Tag: Catholic

  • 17-2001

    Many scientists say the most promise for curing various diseases is to clone human embryos to cure the sick. Therapeutic cloning is sharply controversial because it destroys the original human embryo. Reverend William Abernethy suffers from Parkinson's disease and is one of the many hoping to receive medical help through the therapeutic cloning process.

    July 12, 2002 | Comments

  • 10-28011

    For many, the fundamental issue behind stem cell research is the moral status of tiny, one-week-old human embryos. Scientists think these cells can help them find cures for many severe illnesses, but harvesting those cells kills the embryos. Ethicists say the right and wrong of destroying even unwanted embryos in order to do promising medical research depends on what you think those embryos are.

    July 27, 2001 | Comments

  • baptism-thumb

    Baptism is an important rite of initiation in the Christian tradition, but the baptism ceremony varies depending upon the denomination. Catholics, Orthodox Christians, and many in the Protestant denominations baptize infants. Baptists and Pentecostal Churches baptize only adults or children old enough to profess their faith. More

    April 13, 2001 | Comments

  • thumb01-deafmass

    Many houses of worship have worked hard to be more welcoming to people with disabilities. But the deaf prefer to worship within their own community, and to be ministered to by other deaf people. More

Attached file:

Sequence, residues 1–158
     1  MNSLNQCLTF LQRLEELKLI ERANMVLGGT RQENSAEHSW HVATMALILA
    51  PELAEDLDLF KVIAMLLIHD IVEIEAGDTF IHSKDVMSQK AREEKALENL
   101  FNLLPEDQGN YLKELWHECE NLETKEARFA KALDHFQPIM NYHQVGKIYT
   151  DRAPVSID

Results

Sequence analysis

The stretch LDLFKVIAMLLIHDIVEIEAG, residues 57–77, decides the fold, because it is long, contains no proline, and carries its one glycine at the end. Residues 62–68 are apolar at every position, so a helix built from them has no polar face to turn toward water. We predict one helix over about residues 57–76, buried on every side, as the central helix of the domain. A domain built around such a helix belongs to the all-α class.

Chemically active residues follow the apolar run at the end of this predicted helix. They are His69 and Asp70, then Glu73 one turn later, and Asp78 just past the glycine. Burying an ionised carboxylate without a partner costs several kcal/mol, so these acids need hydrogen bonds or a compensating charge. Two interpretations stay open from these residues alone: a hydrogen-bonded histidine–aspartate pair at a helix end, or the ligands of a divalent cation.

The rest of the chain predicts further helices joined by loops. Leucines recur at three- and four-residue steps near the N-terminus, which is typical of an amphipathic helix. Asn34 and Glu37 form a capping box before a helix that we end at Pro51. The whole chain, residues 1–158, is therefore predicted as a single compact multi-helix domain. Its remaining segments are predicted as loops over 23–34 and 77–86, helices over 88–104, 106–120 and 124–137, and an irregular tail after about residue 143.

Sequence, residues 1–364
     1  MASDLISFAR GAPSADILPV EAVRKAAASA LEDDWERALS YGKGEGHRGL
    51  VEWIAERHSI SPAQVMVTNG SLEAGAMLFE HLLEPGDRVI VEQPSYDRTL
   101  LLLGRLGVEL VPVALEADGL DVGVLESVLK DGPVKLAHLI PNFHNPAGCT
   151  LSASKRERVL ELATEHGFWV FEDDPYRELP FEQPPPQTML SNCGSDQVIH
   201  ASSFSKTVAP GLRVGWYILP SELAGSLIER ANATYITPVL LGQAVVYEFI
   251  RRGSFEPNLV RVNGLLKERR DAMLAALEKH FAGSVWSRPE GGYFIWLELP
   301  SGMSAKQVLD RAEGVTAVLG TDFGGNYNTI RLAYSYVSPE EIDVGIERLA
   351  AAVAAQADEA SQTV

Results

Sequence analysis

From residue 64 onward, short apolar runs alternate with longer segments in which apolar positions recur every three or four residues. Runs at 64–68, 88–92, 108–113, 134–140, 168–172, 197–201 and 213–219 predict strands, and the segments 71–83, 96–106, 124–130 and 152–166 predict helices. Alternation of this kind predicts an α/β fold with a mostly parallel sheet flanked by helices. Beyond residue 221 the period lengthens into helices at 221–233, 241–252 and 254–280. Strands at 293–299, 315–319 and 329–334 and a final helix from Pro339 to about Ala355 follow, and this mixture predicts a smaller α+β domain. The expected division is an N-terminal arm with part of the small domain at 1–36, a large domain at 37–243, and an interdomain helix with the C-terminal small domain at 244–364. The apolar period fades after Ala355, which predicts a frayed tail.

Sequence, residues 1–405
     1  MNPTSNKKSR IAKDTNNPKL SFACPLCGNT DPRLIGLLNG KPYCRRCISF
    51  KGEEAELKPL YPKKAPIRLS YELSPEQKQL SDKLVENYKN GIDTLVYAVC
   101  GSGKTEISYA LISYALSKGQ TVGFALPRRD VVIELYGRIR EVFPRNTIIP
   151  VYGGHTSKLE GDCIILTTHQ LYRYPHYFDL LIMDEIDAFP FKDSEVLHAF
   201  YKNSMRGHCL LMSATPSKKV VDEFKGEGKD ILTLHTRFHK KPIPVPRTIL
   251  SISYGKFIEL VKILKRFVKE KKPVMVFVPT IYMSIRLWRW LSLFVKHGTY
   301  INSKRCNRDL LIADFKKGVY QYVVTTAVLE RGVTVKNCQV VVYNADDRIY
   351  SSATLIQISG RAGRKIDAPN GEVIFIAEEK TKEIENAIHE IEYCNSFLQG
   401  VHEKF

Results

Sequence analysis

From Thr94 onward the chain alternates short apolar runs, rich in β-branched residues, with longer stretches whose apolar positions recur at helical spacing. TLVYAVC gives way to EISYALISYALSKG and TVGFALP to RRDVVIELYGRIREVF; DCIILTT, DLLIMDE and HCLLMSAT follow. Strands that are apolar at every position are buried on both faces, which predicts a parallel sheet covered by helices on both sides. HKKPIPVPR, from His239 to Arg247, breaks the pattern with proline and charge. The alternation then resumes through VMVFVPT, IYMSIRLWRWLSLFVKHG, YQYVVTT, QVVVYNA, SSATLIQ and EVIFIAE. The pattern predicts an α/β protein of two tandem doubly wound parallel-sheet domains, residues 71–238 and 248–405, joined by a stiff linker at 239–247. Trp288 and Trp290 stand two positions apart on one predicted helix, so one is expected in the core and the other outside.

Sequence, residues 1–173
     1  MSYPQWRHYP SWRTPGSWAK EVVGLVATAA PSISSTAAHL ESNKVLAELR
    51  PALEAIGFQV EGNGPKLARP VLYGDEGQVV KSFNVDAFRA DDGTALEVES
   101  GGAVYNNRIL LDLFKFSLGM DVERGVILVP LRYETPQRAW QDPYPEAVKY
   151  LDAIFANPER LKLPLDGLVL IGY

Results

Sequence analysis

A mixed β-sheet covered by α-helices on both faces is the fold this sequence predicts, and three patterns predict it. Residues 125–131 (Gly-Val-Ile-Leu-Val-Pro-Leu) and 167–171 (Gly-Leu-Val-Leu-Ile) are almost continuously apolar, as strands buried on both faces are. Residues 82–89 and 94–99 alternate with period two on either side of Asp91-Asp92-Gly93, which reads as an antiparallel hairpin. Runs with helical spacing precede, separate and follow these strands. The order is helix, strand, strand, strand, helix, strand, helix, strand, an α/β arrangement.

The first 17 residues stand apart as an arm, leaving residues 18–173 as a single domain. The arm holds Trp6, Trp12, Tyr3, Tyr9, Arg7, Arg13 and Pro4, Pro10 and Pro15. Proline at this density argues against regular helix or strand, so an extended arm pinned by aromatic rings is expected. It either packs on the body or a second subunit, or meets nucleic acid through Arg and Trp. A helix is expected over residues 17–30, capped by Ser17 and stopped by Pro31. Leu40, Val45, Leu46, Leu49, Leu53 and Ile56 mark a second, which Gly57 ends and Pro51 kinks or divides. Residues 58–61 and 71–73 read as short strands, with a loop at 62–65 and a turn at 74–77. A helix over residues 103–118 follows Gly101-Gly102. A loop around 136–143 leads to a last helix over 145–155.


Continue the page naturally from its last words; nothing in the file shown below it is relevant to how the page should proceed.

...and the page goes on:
January 12, 2001 | Comments

  • churcharchitecture-thumb

    The National Conference of Catholic Bishops have approved the first national guideline for church art and architecture. Titled “Built of Living Stones,” the document advises parishes, priests, and architects on appropriate church styles, which reflect solid theological foundations. More

    November 17, 2000 | Comments

  • 09-200

    Read the full transcript of Bob Abernathy's e-mail with Dr. Francis Collins of the Human Genome Project at the National Institute of Health.

    June 16, 2000 | Comments

  • thumb01-virginofguadalupe

    “Guadalupe adds solace and comfort, just like she did in the beginning to the Indian Juan Diego. She protected him. She was going to comfort him. She does the same to immigrants,” says Luis Leon of Arizona State University. More

    December 17, 1999 | Comments

  • 18-200

    The word "spirituality" has come to mean all kinds of private experience of the sacred. The Shalem Institute for Spiritual Formation, located in Bethesda, Maryland, is a center for the practice and teaching of the Christian contemplative tradition. Here, mainline Protestants mostly seek experience of God through the practices of, among others, Tibetan Buddhists and Catholic saints.

    November 11, 1999 | Comments

  • thumb01-gargoyles

    These terrifying – or sometimes whimsical – sculptures decorate the outside of many cathedrals and houses of worship. But what are they doing there? More

    October 29, 1999 | Comments

  • sistercyril-thumbnail

    The work of Mother Teresa’s worldwide missionary order continues, and so does the work of another missionary nun in Calcutta, who ministers to the poor in a different way.

    September 3, 1999 | Comments

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